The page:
Midnight garage fun

Nick continues: Just under 300km done, about 115 km left to ride to York. Midnight-o’clock, so eight hours in which to ride it. Something like 15 km/h should do it. It’s easy to think the ride’s done-and-dusted at times like this, but all it takes is a couple of punctures, or someone feeling the strain and slowing the pace, for all that to change.

After 25 minutes or so in the services, we started moving out — by now the team could sense when it was time to go without being told. I could’ve really driven the teams through the controls, but we were at least as good as target times with some judicious use of route-options, so no need to upset the steady mood in the team with unnecessary hurry-ups. Outside the temperature had fallen further, so no hanging about.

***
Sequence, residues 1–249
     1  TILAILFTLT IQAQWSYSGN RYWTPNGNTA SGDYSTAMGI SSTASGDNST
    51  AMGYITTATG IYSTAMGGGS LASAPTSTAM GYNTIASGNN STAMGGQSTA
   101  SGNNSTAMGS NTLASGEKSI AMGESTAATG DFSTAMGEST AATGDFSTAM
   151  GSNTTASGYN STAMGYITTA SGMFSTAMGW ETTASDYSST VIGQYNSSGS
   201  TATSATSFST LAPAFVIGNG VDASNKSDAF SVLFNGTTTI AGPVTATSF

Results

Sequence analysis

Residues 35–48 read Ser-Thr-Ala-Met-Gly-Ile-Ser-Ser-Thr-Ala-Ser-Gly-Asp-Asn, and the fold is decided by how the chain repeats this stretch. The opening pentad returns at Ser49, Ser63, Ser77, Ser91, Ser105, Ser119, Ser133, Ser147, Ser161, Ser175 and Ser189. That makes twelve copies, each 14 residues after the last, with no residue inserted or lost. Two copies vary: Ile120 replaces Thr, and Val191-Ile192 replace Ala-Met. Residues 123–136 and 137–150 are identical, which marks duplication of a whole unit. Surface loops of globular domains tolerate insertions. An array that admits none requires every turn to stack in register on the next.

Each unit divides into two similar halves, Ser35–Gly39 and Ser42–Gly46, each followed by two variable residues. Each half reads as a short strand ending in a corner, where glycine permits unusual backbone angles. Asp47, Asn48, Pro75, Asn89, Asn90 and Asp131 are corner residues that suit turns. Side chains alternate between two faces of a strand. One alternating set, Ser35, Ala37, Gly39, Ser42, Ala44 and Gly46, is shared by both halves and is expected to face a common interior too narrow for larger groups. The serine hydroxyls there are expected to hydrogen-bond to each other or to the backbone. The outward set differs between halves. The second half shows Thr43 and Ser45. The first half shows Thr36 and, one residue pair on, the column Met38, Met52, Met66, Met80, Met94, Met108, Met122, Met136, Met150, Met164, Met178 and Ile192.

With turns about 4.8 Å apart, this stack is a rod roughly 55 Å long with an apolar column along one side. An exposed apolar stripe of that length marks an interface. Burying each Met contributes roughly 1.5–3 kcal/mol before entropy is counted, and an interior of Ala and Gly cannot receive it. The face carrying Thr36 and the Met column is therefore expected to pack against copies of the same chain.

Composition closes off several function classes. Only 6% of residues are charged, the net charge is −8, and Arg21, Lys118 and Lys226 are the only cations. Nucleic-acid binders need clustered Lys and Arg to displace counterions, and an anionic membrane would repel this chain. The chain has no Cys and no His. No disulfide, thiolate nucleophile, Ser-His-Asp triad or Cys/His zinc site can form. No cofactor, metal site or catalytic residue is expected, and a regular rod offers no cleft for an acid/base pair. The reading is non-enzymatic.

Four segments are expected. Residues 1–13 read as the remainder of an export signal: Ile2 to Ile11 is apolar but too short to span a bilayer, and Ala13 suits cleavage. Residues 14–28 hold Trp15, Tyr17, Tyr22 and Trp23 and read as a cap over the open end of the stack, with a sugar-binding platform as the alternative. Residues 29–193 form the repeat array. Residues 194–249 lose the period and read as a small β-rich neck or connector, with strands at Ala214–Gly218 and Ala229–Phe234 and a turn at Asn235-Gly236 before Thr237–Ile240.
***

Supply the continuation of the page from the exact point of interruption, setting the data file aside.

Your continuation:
My planned route for this, the longest, stage was to follow the scenic lanes over the Lincolnshire Wolds, but I had a shortcut in my pocket in case we needed it — use the main A18 along the edge of the Wolds to within spitting distance of the Humber Bridge. The overall distance would still be well above the 400 km minimum, but we would save several kilometres of riding and 200 m of climbing, and it seemed prudent to take it. The advantage of night-riding is that there is very little traffic — even though this is one of the main roads in the Wolds, we would see but a handful of very respectful cars.